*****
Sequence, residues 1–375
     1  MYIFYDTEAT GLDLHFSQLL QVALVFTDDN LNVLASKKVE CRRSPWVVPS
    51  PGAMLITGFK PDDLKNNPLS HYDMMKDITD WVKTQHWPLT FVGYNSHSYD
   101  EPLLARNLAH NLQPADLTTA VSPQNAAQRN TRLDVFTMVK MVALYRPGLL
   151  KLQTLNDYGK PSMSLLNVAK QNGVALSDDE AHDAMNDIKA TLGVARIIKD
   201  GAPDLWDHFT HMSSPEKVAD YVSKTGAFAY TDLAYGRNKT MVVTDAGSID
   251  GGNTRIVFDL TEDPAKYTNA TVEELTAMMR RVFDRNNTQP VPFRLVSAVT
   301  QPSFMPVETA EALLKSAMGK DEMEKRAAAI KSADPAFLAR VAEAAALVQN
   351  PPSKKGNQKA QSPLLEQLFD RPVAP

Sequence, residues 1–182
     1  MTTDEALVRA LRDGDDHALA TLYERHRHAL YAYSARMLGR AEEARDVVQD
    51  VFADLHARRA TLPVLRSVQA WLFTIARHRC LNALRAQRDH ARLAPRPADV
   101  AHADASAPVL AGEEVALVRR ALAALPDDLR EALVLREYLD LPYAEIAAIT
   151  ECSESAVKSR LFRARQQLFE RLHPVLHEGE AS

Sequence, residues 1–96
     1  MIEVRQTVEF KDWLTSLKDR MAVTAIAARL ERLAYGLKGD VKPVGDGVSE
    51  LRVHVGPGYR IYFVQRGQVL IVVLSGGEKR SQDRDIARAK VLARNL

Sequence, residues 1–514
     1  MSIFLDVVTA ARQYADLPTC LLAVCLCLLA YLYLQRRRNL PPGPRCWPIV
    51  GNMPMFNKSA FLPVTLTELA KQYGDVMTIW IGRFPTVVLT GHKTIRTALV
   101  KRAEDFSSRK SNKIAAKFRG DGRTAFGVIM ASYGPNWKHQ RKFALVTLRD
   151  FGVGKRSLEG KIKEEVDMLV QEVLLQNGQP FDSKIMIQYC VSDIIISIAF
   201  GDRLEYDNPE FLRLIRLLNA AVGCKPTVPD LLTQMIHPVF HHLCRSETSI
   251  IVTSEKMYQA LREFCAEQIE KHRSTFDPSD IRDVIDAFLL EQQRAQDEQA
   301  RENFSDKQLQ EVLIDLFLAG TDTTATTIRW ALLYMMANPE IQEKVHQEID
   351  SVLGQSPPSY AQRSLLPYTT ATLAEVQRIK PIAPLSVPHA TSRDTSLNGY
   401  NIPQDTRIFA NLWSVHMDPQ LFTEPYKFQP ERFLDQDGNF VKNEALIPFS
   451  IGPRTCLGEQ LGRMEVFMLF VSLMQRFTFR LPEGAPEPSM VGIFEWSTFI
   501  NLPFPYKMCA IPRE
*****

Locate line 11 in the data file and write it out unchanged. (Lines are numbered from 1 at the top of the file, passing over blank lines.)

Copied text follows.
     1  MTTDEALVRA LRDGDDHALA TLYERHRHAL YAYSARMLGR AEEARDVVQD